After a couple of misses, I finally made it on time and on a working day to the National Gallery of Modern Art (NGMA) for the Language of Visual Arts art walk. An informative walk, it is tailored to give you the know-how of basic aspects of art.

There are some paintings that tell you what seems to be an obvious story while modern art seems to evade all logic at first glance. It was good to see there were others in the group who were equally baffled. Every time I come face to face with abstract paintings, I silently urge them, “C’mon now, give me a clue as to what you are about.” I then take a quick look at the title and it says Untitled. Argh!

A question on people’s minds was how one decides the merit of a piece of art (y’know a child could do that!), to which we were told it is the same way one judges a good book from a bad one. That didn’t make it easier to understand what lay before us, but I got the point.

NGMA is a gorgeous place, all green and serene on the outside. Inside, it is spacious with wood flooring. A quiet hush pervades the space where paintings, miniature or larger than life, command all the attention.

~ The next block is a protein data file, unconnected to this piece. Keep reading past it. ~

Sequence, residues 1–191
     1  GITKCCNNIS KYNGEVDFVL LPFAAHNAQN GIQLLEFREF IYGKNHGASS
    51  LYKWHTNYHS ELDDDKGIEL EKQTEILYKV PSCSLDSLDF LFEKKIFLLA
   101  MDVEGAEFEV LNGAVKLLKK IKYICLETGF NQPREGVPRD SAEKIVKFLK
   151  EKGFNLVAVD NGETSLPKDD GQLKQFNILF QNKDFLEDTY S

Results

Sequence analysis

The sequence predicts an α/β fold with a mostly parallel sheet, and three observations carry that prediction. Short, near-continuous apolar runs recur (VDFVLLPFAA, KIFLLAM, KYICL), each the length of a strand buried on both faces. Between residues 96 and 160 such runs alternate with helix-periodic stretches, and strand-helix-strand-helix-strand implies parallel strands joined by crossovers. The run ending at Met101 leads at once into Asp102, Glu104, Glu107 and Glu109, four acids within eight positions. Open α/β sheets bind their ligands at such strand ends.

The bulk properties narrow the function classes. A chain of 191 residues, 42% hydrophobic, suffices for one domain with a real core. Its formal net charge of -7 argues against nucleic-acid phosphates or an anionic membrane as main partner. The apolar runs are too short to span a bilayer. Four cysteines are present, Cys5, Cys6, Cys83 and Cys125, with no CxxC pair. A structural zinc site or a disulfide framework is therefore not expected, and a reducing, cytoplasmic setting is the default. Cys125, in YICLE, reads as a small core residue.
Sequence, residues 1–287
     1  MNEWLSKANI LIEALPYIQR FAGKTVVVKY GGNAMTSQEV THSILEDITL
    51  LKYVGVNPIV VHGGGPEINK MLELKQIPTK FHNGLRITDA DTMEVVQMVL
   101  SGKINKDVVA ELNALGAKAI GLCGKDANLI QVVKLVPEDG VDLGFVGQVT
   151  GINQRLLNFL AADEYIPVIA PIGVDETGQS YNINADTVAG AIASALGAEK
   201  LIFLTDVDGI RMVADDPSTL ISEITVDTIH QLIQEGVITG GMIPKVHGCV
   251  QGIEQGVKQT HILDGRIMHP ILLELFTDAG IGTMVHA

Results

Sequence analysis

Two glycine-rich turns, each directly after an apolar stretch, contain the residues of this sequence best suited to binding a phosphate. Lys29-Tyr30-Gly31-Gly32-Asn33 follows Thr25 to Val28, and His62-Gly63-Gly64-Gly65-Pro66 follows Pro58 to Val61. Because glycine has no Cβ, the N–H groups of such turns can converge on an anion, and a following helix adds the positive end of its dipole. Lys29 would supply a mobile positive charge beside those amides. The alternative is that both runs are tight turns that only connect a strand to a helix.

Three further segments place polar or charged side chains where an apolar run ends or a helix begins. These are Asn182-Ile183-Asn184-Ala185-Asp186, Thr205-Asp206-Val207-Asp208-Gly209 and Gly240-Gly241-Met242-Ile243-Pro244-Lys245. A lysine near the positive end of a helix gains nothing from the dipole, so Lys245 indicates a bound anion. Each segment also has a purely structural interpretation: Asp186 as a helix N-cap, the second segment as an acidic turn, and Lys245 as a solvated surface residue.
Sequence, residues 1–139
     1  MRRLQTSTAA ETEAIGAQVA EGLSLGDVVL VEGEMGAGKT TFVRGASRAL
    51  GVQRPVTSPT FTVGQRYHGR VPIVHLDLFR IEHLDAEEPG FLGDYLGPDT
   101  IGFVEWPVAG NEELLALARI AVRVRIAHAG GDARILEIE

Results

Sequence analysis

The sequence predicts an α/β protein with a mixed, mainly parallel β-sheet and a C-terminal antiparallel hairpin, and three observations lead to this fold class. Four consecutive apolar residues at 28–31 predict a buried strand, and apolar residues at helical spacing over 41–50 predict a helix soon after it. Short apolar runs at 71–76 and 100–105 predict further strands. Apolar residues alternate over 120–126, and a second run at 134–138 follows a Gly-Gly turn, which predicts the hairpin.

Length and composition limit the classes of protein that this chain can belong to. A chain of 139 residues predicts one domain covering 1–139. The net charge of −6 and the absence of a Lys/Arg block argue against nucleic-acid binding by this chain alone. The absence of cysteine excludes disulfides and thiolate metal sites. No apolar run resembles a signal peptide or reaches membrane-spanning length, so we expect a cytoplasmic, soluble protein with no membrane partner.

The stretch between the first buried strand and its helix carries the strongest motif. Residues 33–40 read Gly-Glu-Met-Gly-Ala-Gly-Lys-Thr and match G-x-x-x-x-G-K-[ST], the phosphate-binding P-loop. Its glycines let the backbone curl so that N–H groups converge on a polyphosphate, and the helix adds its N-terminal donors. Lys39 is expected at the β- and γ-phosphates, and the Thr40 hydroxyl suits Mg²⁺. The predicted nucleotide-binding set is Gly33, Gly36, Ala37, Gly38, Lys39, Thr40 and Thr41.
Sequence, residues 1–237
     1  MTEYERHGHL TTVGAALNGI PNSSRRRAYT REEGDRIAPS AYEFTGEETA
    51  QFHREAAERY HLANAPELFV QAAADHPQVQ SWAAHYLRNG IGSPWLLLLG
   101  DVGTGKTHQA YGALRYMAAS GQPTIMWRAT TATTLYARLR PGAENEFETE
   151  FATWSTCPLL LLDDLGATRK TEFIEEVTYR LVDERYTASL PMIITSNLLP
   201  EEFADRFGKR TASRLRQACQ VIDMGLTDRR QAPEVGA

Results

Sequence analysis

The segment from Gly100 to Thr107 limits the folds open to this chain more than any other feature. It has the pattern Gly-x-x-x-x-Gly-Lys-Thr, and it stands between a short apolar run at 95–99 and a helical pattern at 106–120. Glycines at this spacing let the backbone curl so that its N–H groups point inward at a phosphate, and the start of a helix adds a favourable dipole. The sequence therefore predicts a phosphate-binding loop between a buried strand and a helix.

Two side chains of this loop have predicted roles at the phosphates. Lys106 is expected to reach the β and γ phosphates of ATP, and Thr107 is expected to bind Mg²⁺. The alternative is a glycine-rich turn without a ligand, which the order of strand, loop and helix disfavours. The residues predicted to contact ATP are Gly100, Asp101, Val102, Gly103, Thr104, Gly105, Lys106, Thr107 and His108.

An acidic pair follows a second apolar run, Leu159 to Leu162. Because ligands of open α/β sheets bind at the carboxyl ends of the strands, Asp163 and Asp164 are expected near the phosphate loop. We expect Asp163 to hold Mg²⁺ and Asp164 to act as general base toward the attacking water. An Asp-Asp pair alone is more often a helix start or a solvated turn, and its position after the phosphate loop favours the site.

NGMA – the walk up the driveway

So here’s where we started, with elements and priniciples.

Elements are Lines (represent emotions), Colours (cultural & personal associations), Form, Shape, Texture (there are two types, felt & illusory) and Space (could mean within the canvas or between the object and the viewer).

Principles include Balance (symmetric & assymetric), Harmony (the feeling it evokes – but here, as one of the guys observed, an artwork may be harmonious on the physical front like in the way the colours are used, but as you look beyond it you can experience disharmony), Movement (not in reference to just the subject within the work but also the movement made by the eye), Rythm (a visual beat, repeated at reglar intervals), Proportion, Emphasis, Gradiation (of space and form) and Variety.

A painting by Jagdish Chander

More on them –
My Kid Could Do That! –
A child could paint that! –

The walk was a great starting point to exploring the museum. I must do another round of the museum armed with this basic art knowledge and get more out of it than just fleeting impressions.


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